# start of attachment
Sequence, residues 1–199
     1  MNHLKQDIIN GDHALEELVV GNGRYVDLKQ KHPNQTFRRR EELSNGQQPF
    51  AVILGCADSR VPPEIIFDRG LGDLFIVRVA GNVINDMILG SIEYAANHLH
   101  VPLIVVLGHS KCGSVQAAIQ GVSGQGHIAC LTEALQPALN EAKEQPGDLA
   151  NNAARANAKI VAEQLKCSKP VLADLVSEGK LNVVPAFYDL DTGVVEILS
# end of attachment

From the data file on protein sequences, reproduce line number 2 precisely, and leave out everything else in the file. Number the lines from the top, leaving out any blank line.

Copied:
     1  MNHLKQDIIN GDHALEELVV GNGRYVDLKQ KHPNQTFRRR EELSNGQQPF